I don’t normally do this, but I love the song “Overcomer” by Mandisa. And I watched the music video for it last night that features some pretty well known overcomers. The YouTube link for it is below, and if you have a moment, I’d really suggest watching it and remembering that no matter what you’re facing in life right now, God is telling us not to be afraid. You’re going to face challenges and impossible situations, but God isn’t going to let you do it by yourself.

Glen Eyrie Castle - Colorado Springs, CO

God is a God who finishes

If you know anyone who writes or who fancies themselves a writer, you will know that one of the hallmarks of either is that they have a hard time finishing their stories. To write a story is a marvelous thing. To build a universe inside your head, to craft characters who are like real people to you, to weave a complicated plot line–all of that takes time and effort. A lot of time and effort, mixed with concentration, dedication and much gnashing of teeth.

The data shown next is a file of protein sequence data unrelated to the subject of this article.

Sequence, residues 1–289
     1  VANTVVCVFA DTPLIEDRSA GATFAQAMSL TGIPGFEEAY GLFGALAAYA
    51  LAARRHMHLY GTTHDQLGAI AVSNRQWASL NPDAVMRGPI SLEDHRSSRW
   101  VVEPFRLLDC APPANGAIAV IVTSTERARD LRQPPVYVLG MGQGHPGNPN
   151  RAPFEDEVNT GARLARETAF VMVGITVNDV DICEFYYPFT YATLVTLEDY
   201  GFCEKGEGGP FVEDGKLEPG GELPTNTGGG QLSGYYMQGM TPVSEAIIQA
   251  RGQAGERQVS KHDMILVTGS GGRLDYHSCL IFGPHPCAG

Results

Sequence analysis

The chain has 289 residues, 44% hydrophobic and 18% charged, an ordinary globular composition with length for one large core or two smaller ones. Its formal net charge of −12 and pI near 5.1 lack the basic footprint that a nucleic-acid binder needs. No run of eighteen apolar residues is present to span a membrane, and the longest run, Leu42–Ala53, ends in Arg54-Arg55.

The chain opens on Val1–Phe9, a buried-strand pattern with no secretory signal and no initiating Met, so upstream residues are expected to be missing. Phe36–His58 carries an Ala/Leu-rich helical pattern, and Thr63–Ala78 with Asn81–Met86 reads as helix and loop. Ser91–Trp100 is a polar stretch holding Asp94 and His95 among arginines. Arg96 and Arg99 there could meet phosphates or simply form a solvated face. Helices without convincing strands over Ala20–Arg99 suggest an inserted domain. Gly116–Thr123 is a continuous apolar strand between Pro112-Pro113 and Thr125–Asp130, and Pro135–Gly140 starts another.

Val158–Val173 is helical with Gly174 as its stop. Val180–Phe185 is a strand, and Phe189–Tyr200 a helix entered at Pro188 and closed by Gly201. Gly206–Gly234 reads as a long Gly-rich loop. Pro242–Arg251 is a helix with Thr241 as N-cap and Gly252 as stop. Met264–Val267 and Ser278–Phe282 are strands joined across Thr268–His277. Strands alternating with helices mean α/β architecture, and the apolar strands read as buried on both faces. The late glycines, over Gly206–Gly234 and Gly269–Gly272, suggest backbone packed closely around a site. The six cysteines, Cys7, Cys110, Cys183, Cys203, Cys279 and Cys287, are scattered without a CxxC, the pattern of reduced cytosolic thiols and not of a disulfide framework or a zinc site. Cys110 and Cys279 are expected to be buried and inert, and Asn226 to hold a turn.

Writing is frustrating. And I’m not even talking about the publishing process. Just the act of writing is difficult, and it takes a lot of sacrifice to finish a manuscript. Even if writer starts a new book, you don’t really know if they’ll finish it.

Fortunately for us, God is the kind of author who always finishes what He starts; it just might not happen when we think it will.

Glen Eyrie Castle - Colorado Springs, CO

Glen Eyrie Castle – Colorado Springs, CO

Today’s verse is Philippians 1:6.

And I am certain that God, who began the good work within you, will continue his work until it is finally finished on the day when Christ Jesus returns.